Hyperspectral imaging and machine learning for UAP identification

In 2017, humanity had its first encounter with an interstellar object named 1I/”Oumuamua. This distant traveler piqued the curiosity of astronomers due to its unique characteristics that differed from anything previously observed. Speculation abounded about its origins, even entertaining the controversial notion that it might be an extraterrestrial probe or a fragment of a discarded spacecraft passing through our solar system.

Public interest in the possibility of “alien visitors” was further heightened in 2021 with the release of the UFO Report by the Office of the Director of National Intelligence (ODNI). This report shifted the study of unidentified aerial phenomena (UAP) from a clandestine affair overseen by government agencies to a legitimate scientific pursuit.

With a keen focus on both celestial phenomena and orbital objects, scientists have begun proposing innovative ways to leverage recent advancements in computing, artificial intelligence (AI), and instrumentation to aid in the detection and analysis of potential “visitors” from beyond. Notably, a recent study conducted by a team from the University of Strathclyde explored how hyperspectral imaging, coupled with machine learning techniques, could revolutionize the process of detecting and understanding these enigmatic phenomena.

The research team, led by Massimiliano Vasile, a professor of mechanical and aerospace engineering, comprised researchers from various disciplines, including Mechanical and Aerospace Engineering and Electronic and Electrical Engineering at the University of Strathclyde, as well as the Fraunhofer Center for Applied Photonics in Glasgow.

Their findings, detailed in a preprint titled “Space Object Identification and Classification from Hyperspectral Material Analysis,” have been made available on the pre-print server arXiv and are currently under review for publication in Scientific Reports.

This investigation represents the latest installment in a series of studies that explore the potential applications of hyperspectral imaging within space-related activities. The first paper, titled “Intelligent Characterization of Space Objects with Hyperspectral Imaging,” was published in Acta Astronautica in February 2023 and was associated with the Hyperspectral Imager for Space Surveillance and Tracking (HyperSST) project. Notably, this project was selected for funding by the UK Space Agency (UKSA) and laid the foundation for the European Space Agency’s (ESA) Hyperspectral space debris Classification (HyperClass) project.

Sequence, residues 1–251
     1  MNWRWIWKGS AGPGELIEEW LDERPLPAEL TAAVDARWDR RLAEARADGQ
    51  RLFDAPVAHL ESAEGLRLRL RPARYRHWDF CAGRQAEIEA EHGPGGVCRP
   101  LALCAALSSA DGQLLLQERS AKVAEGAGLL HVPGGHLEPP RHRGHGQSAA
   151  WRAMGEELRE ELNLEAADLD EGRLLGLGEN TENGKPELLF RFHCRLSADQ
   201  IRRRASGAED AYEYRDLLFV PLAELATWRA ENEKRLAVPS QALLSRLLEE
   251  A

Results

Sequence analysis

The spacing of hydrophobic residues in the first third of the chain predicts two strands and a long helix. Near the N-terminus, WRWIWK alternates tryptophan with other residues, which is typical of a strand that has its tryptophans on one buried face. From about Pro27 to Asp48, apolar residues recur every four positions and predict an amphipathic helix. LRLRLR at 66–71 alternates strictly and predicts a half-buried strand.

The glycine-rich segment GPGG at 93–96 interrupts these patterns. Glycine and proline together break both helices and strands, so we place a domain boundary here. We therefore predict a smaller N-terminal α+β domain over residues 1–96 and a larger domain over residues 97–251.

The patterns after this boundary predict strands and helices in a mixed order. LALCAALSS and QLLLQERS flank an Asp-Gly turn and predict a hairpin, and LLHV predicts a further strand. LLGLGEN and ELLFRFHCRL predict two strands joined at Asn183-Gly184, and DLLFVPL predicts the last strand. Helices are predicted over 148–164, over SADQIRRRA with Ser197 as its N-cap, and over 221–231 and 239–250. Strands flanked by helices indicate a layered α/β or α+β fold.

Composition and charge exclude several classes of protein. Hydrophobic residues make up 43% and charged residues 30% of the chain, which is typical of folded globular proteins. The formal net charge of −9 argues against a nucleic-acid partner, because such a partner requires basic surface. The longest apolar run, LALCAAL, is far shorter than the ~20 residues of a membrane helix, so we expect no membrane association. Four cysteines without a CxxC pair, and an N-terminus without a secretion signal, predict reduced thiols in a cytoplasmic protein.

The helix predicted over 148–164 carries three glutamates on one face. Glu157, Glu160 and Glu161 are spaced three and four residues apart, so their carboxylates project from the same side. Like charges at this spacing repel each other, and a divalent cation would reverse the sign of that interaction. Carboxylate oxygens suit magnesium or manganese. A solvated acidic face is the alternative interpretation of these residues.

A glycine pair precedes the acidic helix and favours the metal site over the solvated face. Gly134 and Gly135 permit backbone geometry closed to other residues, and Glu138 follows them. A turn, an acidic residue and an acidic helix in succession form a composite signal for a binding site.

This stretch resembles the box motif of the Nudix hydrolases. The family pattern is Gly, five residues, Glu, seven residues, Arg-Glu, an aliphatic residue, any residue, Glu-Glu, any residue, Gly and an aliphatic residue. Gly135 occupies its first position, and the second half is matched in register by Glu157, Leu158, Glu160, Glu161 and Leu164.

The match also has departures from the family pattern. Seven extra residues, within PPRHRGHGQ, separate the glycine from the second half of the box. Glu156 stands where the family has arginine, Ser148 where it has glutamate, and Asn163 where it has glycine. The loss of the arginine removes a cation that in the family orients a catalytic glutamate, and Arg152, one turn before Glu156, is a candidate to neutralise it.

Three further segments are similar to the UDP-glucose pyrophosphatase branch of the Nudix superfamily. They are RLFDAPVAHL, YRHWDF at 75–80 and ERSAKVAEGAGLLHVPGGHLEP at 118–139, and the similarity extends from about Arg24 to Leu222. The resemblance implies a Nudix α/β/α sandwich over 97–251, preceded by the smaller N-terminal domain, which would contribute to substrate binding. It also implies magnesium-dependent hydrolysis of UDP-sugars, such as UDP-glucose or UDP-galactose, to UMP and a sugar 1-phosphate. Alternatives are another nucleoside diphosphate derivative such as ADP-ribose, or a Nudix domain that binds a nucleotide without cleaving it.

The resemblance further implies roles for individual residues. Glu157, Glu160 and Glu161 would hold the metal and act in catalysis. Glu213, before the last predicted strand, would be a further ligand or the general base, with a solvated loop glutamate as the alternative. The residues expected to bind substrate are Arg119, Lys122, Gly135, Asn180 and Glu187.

The most recent paper delved into the prospect of applying hyperspectral imaging techniques to the emerging field of UAP identification. This entails the collection and analysis of data spanning the electromagnetic spectrum from individual pixels. Such analysis is typically conducted to identify different objects or materials present within images.

Vasile explained that the fusion of hyperspectral imaging and machine learning has the potential to narrow down the search for possible technosignatures by minimizing false positives arising from human-made debris objects like spent rocket stages and defunct satellites. He elaborated via email to Universe Today that by scrutinizing the spectral data, it becomes possible to ascertain material composition even from a single pixel. Furthermore, understanding the temporal variations of spectra allows insights into the motion characteristics of these objects.

Vasile and his team proposed the establishment of a data processing pipeline tailored for UAP image analysis, employing machine learning algorithms. The initial step involves assembling a dataset of time-series spectra belonging to various space objects, encompassing both satellites and objects in orbit. This dataset should encompass diverse scenarios, trajectories, lighting conditions, and precise information about the geometric properties, material distribution, and attitude motion of every orbiting object at all times.

In essence, the researchers require a comprehensive database of all human-made space objects for comparative analysis to effectively filter out false positives. Given the scarcity of such data, Vasile’s team developed physics simulation software to generate training data for their machine learning models. Their approach then incorporated both machine learning-based classification and traditional mathematical regression analysis to link spectra with the materials producing them.

By using machine learning-based classification, the researchers could associate the probability of detecting specific material combinations with corresponding classes. Upon completing the pipeline, Vasile shared that they conducted a series of tests, yielding promising results. These tests encompassed a laboratory setting with a satellite mockup composed of known materials, high-fidelity simulations mimicking real-space observations, and telescope observations of satellites and the International Space Station. While some tests produced favorable outcomes, others were less successful due to the limited size of the material database.

In their forthcoming paper, Vasile and his colleagues will present the aspect of their pipeline pertaining to attitude reconstruction. This presentation is anticipated to occur at the AIAA Science and Technology Forum and Exposition (2024 SciTech), scheduled from January 8th to 12th in Orlando, Florida.

Source: Universe Today

Leave a Comment